Friendster could be sold by Xmas

Social networking pioneer Friendster may be sold by Christmas according to Australian based CEO Richard Kimber.

The company has been on the market since May with Morgan Stanley handling the sale. Kimber told Reuters that potential suitors were down to a “shortlist”  with the expectation being that it will be an Asian based company.

Chinese media company Tencent, the firm behind the country’s most popular IM software, QQ, has been mooted as a potential buyer along with Softbank and private equity firm Oak Pacific.

Around 90% of Friendster’s user base is in Asia and over the past year the company has shifted its regional HQ to Australia and beefed up its staff head count across the region particularly in the Philippines, Malaysia, Indonesia and Singapore.

“90% of our users are in Asia so this is really where we need to be and this is where the heart of the company is,” Friendster’s head of Asia Ian Stewart said in May.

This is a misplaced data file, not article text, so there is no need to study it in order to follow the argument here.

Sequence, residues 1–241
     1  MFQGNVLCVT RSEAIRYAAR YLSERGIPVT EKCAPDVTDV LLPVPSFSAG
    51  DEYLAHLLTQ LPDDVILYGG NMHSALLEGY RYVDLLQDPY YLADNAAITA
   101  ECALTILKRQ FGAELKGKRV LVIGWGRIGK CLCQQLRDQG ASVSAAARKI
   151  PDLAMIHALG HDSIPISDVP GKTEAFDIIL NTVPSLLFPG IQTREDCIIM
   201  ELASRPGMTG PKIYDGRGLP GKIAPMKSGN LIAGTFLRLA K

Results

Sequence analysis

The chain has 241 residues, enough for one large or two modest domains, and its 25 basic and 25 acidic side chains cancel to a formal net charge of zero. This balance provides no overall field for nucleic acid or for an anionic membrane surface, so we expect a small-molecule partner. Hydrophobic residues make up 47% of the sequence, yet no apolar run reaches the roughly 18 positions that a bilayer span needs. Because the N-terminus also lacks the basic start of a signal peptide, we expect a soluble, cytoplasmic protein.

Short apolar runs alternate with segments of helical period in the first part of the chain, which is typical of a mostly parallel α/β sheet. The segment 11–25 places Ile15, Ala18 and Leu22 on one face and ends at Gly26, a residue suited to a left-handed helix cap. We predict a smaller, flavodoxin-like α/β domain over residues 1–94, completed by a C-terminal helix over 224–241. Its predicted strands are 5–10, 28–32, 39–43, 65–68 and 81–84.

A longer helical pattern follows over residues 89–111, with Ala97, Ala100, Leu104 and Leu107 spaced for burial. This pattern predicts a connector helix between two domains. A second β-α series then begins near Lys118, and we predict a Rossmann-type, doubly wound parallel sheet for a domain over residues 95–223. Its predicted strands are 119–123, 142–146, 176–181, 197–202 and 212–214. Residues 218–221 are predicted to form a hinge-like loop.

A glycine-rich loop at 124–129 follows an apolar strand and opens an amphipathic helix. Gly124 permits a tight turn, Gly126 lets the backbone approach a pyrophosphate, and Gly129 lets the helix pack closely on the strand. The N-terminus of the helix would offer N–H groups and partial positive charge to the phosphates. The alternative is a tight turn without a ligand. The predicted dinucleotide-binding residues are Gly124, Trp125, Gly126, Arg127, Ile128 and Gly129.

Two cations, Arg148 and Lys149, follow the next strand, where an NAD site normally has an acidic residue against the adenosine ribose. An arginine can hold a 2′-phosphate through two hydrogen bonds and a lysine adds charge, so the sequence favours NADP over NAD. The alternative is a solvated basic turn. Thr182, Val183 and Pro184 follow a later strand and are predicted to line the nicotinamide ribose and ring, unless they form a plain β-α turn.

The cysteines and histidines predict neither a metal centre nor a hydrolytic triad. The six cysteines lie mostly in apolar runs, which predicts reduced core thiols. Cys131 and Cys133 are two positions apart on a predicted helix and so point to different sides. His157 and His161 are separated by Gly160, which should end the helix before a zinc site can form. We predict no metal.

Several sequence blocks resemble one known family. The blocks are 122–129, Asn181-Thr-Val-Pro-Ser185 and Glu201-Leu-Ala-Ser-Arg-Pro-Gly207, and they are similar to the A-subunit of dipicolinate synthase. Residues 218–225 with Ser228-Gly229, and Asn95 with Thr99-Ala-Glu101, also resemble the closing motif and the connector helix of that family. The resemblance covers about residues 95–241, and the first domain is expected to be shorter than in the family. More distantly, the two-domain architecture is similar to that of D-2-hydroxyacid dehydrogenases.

Friendster has also unveiled the relaunch of its website, logo and brand slogan.

“Our new brand is just one of the ways we are communicating the evolution of our business as well as our commitment to our users - they’ve given us great feedback and we’ve listened. “We understand our users and our major markets in Asia better than anyone. This is just the beginning of a series of new products and services catering to the needs of our users,” said Kimber.

The new-look Friendster  incorporates easier site navigation and entertainment and gaming features.

Friendster claims more than 115 million registered users worldwide and serves 9 billion pages a month. Users spend approximately 110 minutes on the site per month and more than 100,000 users register for Friendster daily.

 

Suggested Articles

Wireless operators can provide 5G services with spectrum bands both above and below 6 GHz—but that doesn't mean that all countries will let them.

Here are the stories we’re tracking today.

The 5G Mobile Network Architecture research project will implement two 5G use cases in real-world test beds.